Last November, I stood outside a Bristol, Va., apartment complex, watching Erica Nophlin squeeze a few more trash bags into the trunk of her already packed car. For two years, Nophlin and her two young daughters and cousin had regularly smelled noxious fumes from a malfunctioning landfill, both outside and inside their apartment. They experienced headaches, upset stomachs, and throat pain when the pollution was noticeable. By late 2021, Nophlin said, her home was unbearable. She decided to move her family across town.

The story I published with Southerly in December covered the pollution’s impacts on Nophlin’s family and countless other residents in the city and neighboring Bristol, Tenn. It dug into the structural flaws and mismanagement that fueled the crisis, the chemicals detected in the air pollution and community members’ efforts to get relief: organizing a grassroots coalition called HOPE for Bristol, petitioning government agencies, fundraising for air filters, and in some cases, like Nophlin’s, evacuating or moving. Based on conversations with residents, we used the story to show hard evidence of what went wrong and highlight the magnitude of the impacts on residents—all in a way that was accurate and easy to understand.

Southerly is primarily publishing stories online, and much of the community dialogue and information sharing about the air pollution has been happening in a public Facebook group. In a listening session with community members after it published, multiple people told us many of their neighbors—particularly Black residents, elderly, and low-income residents living close to the landfill—don’t have internet access or aren’t on social media. Some of the grassroots leaders said they spend a lot of time just trying to explain what’s happening at the landfill to people who haven’t heard much about it yet, but are feeling the effects of the air pollution.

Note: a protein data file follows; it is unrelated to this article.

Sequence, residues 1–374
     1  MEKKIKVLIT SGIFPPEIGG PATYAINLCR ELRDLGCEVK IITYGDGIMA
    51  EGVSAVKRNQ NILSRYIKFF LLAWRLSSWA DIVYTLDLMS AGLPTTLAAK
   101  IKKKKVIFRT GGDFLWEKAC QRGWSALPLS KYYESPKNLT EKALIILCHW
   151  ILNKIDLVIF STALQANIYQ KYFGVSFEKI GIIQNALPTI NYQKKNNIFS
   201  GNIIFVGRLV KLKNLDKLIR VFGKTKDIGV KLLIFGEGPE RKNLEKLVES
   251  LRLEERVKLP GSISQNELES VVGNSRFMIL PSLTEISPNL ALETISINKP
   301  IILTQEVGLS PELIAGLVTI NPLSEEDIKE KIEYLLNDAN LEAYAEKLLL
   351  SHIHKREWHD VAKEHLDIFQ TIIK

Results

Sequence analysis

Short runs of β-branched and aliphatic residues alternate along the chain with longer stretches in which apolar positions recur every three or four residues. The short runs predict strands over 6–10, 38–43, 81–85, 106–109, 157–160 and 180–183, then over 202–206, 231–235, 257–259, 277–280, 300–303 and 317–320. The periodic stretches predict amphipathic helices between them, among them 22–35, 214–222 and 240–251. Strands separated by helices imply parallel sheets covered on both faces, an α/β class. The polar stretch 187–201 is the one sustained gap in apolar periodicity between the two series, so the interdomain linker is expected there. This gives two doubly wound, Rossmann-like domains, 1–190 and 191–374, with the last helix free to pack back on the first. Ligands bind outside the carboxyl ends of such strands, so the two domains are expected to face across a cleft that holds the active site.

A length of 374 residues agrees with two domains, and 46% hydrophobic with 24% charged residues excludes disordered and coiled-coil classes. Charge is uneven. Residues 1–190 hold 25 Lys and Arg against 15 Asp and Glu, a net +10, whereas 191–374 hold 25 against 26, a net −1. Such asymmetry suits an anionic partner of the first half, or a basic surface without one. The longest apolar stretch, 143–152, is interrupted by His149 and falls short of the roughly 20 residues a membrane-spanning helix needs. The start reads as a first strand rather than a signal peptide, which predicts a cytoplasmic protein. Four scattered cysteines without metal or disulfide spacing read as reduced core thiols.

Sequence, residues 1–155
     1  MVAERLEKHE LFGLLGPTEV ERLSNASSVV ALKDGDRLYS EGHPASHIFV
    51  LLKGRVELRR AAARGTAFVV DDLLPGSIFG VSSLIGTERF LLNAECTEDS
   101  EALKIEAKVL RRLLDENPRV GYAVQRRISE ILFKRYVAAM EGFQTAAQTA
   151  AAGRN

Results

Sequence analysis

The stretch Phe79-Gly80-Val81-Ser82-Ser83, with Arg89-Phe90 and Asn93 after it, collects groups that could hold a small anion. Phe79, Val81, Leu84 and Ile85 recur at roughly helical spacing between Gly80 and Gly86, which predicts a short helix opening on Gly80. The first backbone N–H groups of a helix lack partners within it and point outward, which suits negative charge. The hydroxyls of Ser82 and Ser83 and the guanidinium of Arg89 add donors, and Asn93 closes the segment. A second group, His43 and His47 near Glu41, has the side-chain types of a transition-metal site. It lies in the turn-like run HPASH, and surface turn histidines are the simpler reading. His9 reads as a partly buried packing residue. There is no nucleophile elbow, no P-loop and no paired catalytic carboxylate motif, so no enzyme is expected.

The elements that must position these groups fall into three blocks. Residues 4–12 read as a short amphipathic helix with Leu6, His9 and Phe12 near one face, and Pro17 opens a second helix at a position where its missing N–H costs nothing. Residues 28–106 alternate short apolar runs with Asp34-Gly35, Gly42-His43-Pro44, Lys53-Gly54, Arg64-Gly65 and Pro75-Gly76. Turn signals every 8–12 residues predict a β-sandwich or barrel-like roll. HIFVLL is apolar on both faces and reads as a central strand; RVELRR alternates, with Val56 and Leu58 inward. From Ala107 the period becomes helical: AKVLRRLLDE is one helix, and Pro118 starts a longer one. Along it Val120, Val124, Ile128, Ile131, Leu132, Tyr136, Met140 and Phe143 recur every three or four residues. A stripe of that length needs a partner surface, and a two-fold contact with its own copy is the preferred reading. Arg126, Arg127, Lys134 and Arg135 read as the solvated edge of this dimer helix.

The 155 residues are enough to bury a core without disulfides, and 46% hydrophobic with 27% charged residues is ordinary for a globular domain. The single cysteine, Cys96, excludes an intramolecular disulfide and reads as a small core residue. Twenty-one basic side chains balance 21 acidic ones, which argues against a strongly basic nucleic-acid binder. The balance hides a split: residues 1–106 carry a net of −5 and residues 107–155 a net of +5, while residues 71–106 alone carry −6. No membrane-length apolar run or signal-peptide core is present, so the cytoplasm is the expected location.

This is a common problem: A lot of reporting about environmental crises still fails to reach the people who are living them and need that information most. So we worked with a group of community members—diverse in age, race, and location in town—to create a simple brochure to get critical information about the landfill to those who still need it. We used information from our story and some additional reporting to make this guide that includes key facts about what’s happening at the landfill, how it’s affecting residents, and where they can get help or connect with others.

We wouldn’t have been able to produce this guide without a group of community members who shared their ideas and feedback with us. The group included HOPE for Bristol leaders, the Rev. Jackie Nophlin of Household Of Faith Community Church and Rev. Steven L. Davis Sr. of Brothers for Christ Community Response. HOPE contributed photographs and resident George Linke created the complaint map. Kassie Navarro designed the brochure. 

Lastly, we’re indebted to the residents who stepped up to share how this crisis has impacted them. Your voices made this work possible. With their help, we’ll be distributing the guide at community events, churches, and other locations. We’ll update this story with information about that process and what it leads to in the coming weeks.

Sarah Wade is a reporter based in Bristol, Tennessee.

Republish our articles for free, online or in print, under a Creative Commons license.